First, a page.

Known for its buildings, which look like they belong in a Harry Potter set (the concept of the teen wizard was actually conceived here) and the annual Fringe Festival, Edinburgh is home to the most bars and restaurants per capita in the UK, after London.
But while the Fringe welcomes thousands of out-of-towners in search of a warm pie and a light-hearted gag in the comedy tent for the entirety of August, where do the local ravers unite for the rest of the year? Those in search of interesting music, an inclusive crowd and the sesh? To find out, we enlisted the help of Edinburgh-native Proc Fiskal, who makes melodic, referential grime instrumentals, releasing them via the reputable label, Hyperdub.
“Edinburgh is definitely crippled by a draconian gentrifying council who favour middle-class art practices at the expense of anything transformative,” Fiskal tells us of the city’s posh-washing. “There are people who really care about music and putting on good nights – people like Skillis, Palidrone and Rhythm Machine – their individual drive to enrich the city is a lot nobler than anything Fringe does.” So with that in mind, allow Fiskal to take you through his version of Edinburgh.
How did you first develop a passion for going out/raving?
I’ve always enjoyed sound mainly. My excitement for dance music started and mostly continues to be experienced through the internet. I spent long amounts of time digging online when I was young and built up my own language through that before ever having a “club” experience, so by the time I actually went clubbing when I was around 16 the hedonistic spice boy thing of going out, getting fucked and shagging fit birds seemed stupid, really. I just wanted to hear tunes really loud and dance. I had a couple of good euphoric experiences with sub-bass and everything fell into divine celestial reason.
What’s special about Edinburgh’s club scene?
Not much to be honest, which is probably its benefit in a way. There are too many Tory-landed-gentry-noise-complaining freaks wafting around. I think a lot of people do care, though – there are a lot of people trying.
What is the best club in Edinburgh?
Leith Links Cricket Club is my favourite. Bongo Club and Sneaky Petes are alright too, I guess. Next time I put a night on, it’s going to be at the Cricket Club and I’m going to deck it out with proper sub stacks and book Lee Gamble or something.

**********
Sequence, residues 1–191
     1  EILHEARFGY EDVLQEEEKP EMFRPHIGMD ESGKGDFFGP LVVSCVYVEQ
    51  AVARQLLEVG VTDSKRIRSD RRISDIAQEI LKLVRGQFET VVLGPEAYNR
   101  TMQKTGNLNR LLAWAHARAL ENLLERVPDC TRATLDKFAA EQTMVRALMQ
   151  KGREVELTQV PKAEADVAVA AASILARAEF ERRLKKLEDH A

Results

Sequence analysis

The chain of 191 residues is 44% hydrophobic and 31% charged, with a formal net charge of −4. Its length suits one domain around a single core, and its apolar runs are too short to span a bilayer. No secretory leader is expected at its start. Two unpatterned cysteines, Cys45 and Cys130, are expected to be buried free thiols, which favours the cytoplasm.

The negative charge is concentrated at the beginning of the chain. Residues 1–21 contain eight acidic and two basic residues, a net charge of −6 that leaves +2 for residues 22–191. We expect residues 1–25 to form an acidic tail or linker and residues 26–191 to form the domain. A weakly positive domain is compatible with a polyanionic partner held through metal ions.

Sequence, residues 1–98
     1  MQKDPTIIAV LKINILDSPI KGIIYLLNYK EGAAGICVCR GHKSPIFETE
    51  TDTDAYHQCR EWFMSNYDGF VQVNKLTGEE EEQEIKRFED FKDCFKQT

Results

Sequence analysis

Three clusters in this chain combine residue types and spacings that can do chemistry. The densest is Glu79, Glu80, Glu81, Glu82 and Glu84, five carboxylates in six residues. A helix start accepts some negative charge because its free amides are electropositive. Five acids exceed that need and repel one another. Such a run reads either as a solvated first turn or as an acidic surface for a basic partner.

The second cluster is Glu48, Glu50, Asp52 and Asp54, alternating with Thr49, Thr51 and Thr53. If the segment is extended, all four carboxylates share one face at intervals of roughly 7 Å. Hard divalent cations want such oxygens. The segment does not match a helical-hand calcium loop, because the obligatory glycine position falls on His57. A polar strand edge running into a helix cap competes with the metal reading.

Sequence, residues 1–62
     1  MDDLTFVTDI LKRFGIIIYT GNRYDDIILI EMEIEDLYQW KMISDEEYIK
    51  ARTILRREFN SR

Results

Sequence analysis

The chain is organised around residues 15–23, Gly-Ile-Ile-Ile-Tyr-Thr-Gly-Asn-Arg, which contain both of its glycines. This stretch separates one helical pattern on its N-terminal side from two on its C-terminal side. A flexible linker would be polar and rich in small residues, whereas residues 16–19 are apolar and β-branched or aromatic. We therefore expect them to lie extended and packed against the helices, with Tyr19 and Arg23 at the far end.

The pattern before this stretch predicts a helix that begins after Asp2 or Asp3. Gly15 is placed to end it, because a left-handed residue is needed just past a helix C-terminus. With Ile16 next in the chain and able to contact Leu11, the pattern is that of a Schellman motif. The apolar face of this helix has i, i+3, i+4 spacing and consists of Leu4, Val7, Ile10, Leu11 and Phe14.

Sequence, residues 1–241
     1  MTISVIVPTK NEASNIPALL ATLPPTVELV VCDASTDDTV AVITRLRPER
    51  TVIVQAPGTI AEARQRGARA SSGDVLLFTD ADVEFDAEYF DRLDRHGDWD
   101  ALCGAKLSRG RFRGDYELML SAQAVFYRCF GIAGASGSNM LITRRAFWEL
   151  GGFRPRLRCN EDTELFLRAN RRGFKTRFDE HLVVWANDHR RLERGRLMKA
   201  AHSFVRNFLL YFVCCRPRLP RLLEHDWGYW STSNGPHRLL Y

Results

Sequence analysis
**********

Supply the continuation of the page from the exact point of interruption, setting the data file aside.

…and the worst?
George Street is host to a row of chrome and leather-clad, pink shirt, tight trouser-wearing university spice boys, Abercrombie and Cunt, Love Island “get the drinks in Thomas” top banter-type holes. I don’t know if these places are more sinister than corporate-run nightclubs hiding under the guise of independence, but the music is definitely worse.
What challenges, if any, does the Edinburgh scene face, and how can it improve?
The cultural institutions that exist in Edinburgh will always favour something safe, tested, white and rich. Edinburgh is sitting intently at the feet of international tourism lapping up the white froth that drops from the braying jowls. Money is being spent to pimp out the Fringe as much as possible, at whatever expense. In 50 years time, Edinburgh will just be even more of a snow globe for the tourists who can dip their feet in the city and move on. What will come of lowly little victims and my so-called city?
What is the best after-hours food spot in Edinburgh?
Storries pie shop and Douglas Frost’s cereal cupboard. A big shout-out to Africano Wrap, as well.
What gets you pumped to go on a night out?
I’ve been enjoying Negronis, and I’ll maybe put on some Scritti Politti and water all my house plants.
For a night out: Edinburgh or Glasgow?
Listen, I never want to step foot in Glasgow again. What a terrible city inhabited by smelly, ugly idiots. First off, most folk there don’t even speak the Queen’s English. Secondly, all they do is listen to Skream playing disco edits in Sub Club. Edinburgh has a bountiful plethora of hotspots for the clubbing individual. Mainly though mate, Skillis is from Edinburgh. What’s the point in leaving a city when Skillis is playing dutty dubstep?
If someone is visiting Edinburgh, where do you recommend they go?
For music: Sneaky Petes, Bongo Club, Summerhall, Underground Solu’shn, Mash House, Leith Links Cricket Club, Elvis Shakespeare, Sandy Bells, maybe The Jazz Club if you like clicking your fingers.
For food and drink: Africano Wrap, Robbies, Golden Ambal, Smiths Deli, Verona’s, Sandy Bells, The Dreadnought. You can find a great time just hanging around Marchmont and shouting into open windows asking for a snout.
Any DJs/promoters/performers from the scene you’d like to shout out?
Skillis, Rhythm Machine, Palindrome, Shapework, Elektrikal Sound, Underground Solu’shn, The Peebles Punisher, 12th Isle, Vaj Power, Inkke, EHFM, Firecracker Records and Christie Yeoman.